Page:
- The feds’ farcical case against “Evil Corp”
- The totally honest mistake afflicting Bloomberg terminals
- About that “great” jobs number…
- Two months late, Congress addresses repo crisis
- An early warning to gold bullion owners
- Feds backtrack on face scans (too China-like?)
The feds are punking us all, right?
“The U.S. Treasury Department announced new sanctions Thursday on a Russian-based cybercriminal organization called ‘Evil Corp’ for using malware to steal more than $100 million from hundreds of banks and financial institutions,” reports CNN.
As the feds tell it, Evil Corp used malware called Dridex to “infect computers and harvest login credentials from hundreds of banks and financial institutions in over 40 countries, causing more than $100 million in theft.”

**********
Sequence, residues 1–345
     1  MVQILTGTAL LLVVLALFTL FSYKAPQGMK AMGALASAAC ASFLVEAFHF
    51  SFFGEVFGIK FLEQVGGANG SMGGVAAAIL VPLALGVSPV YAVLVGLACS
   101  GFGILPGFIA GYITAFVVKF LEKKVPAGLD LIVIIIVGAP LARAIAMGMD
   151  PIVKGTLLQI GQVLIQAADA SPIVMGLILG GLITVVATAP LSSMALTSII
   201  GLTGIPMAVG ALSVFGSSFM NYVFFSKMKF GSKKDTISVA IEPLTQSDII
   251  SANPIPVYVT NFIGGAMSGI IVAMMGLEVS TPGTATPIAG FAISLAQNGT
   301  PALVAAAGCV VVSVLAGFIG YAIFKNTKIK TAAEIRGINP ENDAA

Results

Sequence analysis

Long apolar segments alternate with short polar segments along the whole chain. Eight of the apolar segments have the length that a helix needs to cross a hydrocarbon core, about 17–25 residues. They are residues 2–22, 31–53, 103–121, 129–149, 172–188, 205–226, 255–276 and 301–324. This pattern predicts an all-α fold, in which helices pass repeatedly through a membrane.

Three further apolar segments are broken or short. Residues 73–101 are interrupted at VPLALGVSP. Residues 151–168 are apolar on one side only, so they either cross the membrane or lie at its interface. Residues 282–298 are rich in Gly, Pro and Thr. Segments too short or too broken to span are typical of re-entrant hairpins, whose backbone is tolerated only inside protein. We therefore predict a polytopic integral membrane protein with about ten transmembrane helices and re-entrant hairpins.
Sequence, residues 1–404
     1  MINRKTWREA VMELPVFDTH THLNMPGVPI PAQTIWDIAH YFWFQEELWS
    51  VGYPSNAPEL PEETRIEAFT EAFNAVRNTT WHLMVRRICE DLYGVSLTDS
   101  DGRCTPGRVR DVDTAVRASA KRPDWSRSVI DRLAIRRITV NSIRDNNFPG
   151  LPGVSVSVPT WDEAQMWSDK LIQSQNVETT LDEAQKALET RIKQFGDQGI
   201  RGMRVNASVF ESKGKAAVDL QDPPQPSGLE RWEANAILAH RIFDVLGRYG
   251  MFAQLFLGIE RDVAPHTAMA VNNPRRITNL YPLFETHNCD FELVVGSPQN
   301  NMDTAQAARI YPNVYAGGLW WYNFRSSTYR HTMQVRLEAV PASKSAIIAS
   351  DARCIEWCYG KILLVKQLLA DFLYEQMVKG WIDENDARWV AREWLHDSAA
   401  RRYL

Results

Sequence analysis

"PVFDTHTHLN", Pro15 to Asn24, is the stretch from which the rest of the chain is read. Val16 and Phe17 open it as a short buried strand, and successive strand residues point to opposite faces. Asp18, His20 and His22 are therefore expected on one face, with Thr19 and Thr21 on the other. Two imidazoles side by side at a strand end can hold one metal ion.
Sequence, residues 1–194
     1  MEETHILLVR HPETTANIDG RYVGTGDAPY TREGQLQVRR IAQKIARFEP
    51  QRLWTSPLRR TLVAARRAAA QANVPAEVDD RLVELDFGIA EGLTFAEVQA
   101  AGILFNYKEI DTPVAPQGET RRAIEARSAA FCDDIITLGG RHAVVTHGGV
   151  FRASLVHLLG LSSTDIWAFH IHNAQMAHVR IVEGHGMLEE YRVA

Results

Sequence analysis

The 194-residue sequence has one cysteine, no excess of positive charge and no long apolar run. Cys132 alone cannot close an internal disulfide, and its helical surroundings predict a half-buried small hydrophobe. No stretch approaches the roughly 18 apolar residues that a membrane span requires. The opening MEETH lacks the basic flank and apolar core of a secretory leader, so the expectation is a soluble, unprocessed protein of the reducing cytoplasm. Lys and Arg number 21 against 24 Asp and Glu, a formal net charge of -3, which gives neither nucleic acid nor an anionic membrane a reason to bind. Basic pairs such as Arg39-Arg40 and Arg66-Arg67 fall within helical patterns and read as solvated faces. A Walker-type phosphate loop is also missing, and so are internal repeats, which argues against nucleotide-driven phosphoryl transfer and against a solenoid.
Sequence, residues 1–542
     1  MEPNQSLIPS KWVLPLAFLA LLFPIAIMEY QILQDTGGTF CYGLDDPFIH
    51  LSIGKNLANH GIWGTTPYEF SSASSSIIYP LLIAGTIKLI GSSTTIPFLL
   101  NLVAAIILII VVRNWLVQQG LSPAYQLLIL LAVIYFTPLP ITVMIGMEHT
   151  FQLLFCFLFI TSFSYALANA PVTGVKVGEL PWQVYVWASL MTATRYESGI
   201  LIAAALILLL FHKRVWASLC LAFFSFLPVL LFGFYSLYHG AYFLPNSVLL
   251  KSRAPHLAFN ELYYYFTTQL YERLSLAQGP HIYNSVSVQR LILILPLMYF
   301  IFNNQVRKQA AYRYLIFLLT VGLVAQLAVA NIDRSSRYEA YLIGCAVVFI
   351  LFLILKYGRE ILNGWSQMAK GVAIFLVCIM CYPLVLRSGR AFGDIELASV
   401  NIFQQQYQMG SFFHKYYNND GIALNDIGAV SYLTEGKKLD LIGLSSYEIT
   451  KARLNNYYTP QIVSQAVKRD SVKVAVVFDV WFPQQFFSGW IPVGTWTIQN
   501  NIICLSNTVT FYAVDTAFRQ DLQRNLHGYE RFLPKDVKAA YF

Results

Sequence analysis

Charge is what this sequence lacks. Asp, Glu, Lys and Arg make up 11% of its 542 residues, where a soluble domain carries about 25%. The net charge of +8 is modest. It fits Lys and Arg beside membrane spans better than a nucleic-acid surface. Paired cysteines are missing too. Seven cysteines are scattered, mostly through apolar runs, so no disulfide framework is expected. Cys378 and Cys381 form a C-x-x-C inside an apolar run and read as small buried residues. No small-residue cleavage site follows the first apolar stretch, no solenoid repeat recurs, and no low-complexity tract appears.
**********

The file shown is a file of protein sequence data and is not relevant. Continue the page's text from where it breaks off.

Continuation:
$100 mil? That’s it?
“Why make trillions when we can make… BILLIONS!”
Whoop, wrong pop culture allusion: “The name ‘Evil Corp’ appears to be a reference to the fictional, monolithic corporation in the television series Mr. Robot,” says CNN.
Problem is, this hacking conspiracy was supposed to have been first hatched in 2011… and Mr. Robot didn’t debut until 2015. Huh?
Really, what sort of impact will these sanctions have, anyway?
To make the whole thing seem more credible, the Justice Department got in on the act and charged two Russian nationals supposedly behind Evil Corp. An assistant attorney general told reporters that one of them worked for Russian intelligence, because of course that’s what the feds will say.
Not that the allegation will ever be tested in court. By all accounts, the two men are in Russia — which has no extradition agreement with the United States.